• rights (this can be a standard reference to our IPR and reproduction policy)

2.1. Dublin Core in HTML documents

Put it into the head ... examples ...

2.2. Dublin Core in XML documents

We don't have (that I know of) any complete list of the SGML and XML DTDs, other than HTML, currently used on our site. I know of two: TEI Lite (for which I may be the only user) and specprod.dtd, which is used (with lots of minor variations) for several specs.
If these DTDs don't have Dublin Core information in them, they should. For those we control, we should modify the DTD as needed to make this true. For those we don't control, we should encourage the owner to do so.
The methods used to translate from them into HTML should put the Dublin Core information into the HTML as shown above.
... examples ...

3. Search engines

One of the easiest ways to make metadata pay off is to make it visible in search screens and in search results.
A search engine that allowed us to do fielded search for documents on author, title, date, and subject keyword fields, as well as full-text search, would help me personally a lot.[3]
A search engine that displayed metadata in the results of a search, so the user could tell from the short screen the author, the title, the date of first publication, the date of most recent revision, etc., would make it easier for me to find the documents I'm looking for among those listed in the short list. If it also made clear when a hit had no metadata, there would soon be peer and personal pressure on all those preparing documents to provide useful metadata. I suspect that after a while of seeing lists like the following, those responsible for the documents with "[Author unknown]" will feel an urge to provide better metadata for them.
  1. Murata Makoto. Syntax for regular-but-non-local schemata for structured documents, 17 February 1999. XML Schema WG.
  2. Mike Spreitzer. Some Extensibility Issues for XML Schema. 17 February 1999. XML Schema WG.
  3. Scott Lawrence. Schemas vs DTDs as set definitions. Rev 2. 16 Feb 1999. XML Schema WG.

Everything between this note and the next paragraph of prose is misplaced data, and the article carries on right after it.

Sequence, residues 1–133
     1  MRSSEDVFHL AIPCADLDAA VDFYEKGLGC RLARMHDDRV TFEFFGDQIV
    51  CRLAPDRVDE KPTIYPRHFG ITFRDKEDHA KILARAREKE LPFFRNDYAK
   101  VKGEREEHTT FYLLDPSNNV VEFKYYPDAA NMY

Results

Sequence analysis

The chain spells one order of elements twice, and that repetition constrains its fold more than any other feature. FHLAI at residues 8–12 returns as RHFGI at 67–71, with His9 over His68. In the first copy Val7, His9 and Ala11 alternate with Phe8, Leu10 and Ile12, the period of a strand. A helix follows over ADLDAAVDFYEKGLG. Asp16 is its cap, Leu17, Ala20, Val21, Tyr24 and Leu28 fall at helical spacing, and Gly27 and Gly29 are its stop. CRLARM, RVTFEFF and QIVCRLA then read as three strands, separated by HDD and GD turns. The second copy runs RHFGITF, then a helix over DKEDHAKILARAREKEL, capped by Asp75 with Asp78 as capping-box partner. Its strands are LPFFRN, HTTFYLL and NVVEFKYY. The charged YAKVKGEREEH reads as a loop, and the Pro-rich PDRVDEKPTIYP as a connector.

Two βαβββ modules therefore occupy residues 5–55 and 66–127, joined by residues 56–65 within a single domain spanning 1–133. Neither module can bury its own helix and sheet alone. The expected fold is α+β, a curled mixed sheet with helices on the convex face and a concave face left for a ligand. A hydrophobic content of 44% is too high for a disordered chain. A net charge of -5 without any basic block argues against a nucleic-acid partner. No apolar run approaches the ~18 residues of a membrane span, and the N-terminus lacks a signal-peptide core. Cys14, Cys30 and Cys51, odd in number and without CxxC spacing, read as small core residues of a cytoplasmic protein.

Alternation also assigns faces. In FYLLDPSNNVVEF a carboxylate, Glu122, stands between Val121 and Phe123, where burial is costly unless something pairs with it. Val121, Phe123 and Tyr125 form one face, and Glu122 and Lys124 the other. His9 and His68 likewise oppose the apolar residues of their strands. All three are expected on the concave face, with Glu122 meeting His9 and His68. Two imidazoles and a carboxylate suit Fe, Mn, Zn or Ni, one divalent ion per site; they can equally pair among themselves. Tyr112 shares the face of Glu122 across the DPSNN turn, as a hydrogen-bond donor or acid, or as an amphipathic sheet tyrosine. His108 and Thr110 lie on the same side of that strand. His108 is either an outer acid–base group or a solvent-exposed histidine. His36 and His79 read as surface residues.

4. Shriram V Revankar. Data types and basic operations. 15 February 1999. XML Schema WG.
  5. [Author unknown]. Associating Schemas with XML Instance Documents. [Date unknown]. [WG unknown].
  6. [Author unknown]. Inheritance in Documents, Inheritance in Data. [Date unknown]. [WG unknown].
  7. [Author unknown]. An outline proposal for an XML Schema version of ID/IDREF. [Date unknown]. [WG unknown].
  8. [Author unknown]. A Note on Inheritance and Specialization. [Date unknown]. [WG unknown]
It would be very nice if the search engine could accept standoff metadata, so that we can provide metadata for old documents which aren't being revised, without touching them.


[1] This idea of changing things gradually, in the course of processing you'd be doing anyway, is one I learned from the books of the library scientist S. R. Ranganathan, who labels it osmosis.
[2] The Dublin Core initiative's type vocabulary WG recommends using one of the terms collection, dataset, event, image, interactive resource, service, software, sound, or text.
[3] Substantially similar mechanisms in the search engine should make it possible to do fielded search on email logs, using the fields in the RFC 822 mail headers to allow the searcher to distinguish the name of the mailing list on which the note appeared from the name of a different mailing list mentioned in the note.